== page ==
A piece of the puzzle.
Let me just offer a quick insight, for those who claim to be allies to the autistic community but continue to use the puzzle piece - in tattoos, in logos, in any given situation to represent the autistic community, autistic friends, family members, loved ones.
First, have a quick read here:
(Links lifted from autisticfandomthings, with my undying gratitude for their unending willingness to inform and educate.)
When you post a photo of your new puzzle piece tattoo, you might run into one of us. Actual autistic people. And you might find yourself surprised to learn that we aren’t delighted. We aren’t excited to have found an ally, we aren’t happy that you chose to represent us in tattoo form.
If you read the links above - actually read them, instead of skimming them and dismissing them because “that wasn’t what you meant” - then you’ll understand why. Here is the bit you’re missing.
We aren’t saying you’re a bad person. We aren’t saying you’re actively trying to oppress the person or persons who mean so much to you, that you tried to get a supportive tattoo. We are saying that the puzzle piece represents continuing efforts to oppress, “cure,” and eradicate us.
Of course you’re horrified. Of course you’re not happy about this situation. But please consider the possibility that we might be trying to educate you in order to begin dismantling the systematic oppression of our community. If this autistic person (or persons) is/are so very important to you, that you indelibly marked your body for them… Are they not important enough for you to be horrified?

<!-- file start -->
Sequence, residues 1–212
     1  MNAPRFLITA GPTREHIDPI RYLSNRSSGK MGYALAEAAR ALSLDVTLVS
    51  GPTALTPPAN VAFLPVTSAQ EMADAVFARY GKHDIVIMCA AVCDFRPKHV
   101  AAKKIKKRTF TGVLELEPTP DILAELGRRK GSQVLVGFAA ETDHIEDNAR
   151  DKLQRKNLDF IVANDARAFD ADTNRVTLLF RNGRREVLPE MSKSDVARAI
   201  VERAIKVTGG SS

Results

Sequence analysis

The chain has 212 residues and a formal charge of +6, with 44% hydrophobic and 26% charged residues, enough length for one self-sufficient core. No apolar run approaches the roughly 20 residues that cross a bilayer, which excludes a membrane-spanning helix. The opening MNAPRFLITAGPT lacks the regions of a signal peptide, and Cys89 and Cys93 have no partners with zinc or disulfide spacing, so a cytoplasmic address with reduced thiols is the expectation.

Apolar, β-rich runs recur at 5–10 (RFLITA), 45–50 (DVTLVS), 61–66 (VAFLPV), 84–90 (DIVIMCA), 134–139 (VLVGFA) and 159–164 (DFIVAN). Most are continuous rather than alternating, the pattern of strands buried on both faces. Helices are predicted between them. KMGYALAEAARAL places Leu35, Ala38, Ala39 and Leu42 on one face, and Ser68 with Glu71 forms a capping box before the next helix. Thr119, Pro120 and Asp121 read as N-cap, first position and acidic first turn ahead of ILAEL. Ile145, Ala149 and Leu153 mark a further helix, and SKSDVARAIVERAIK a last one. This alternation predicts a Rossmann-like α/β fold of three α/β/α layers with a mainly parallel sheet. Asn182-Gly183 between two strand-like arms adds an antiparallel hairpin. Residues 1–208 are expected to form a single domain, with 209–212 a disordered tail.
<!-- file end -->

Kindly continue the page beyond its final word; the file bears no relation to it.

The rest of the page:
You should be angry, you see. Not with yourself - failing to do research isn’t great, but we know how prevalent the Autism Speaks type rhetoric is, especially in the US. Certainly not with us - we are literally attempting to stop you from supporting an ongoing movement that seeks to destroy who we are from the inside out.
But you should be angry.
Please think about where you’re going to direct that anger. Direct it at those who made a logo that is oppressive in its very nature. Direct it at those who punish us for being who we are. Direct it at people who see us as less than human for having a different neurological constitution. Direct it, perhaps, at the people who convinced you that the symbol you had tattooed on yourself was a supportive one, when really it’s anything but.
I am angry when I see your puzzle piece tattoo. I am. And sometimes that anger comes out directed at you. Why didn’t you read up about it? Why didn’t you care enough to read it through?
But that isn’t because you’re the culprit here. It’s because you’re taking who I am, turning it into something infantile and demeaning, and then feeling like a great person for doing so, because you’ve been told by the media and by an all-encompassing “charity,” that you are.
That isn’t your fault. It isn’t my fault.
Next time you get criticism for using the puzzle piece to embody the autistic community, ask yourself this:
Whose fault is it? And why aren’t you angry with them?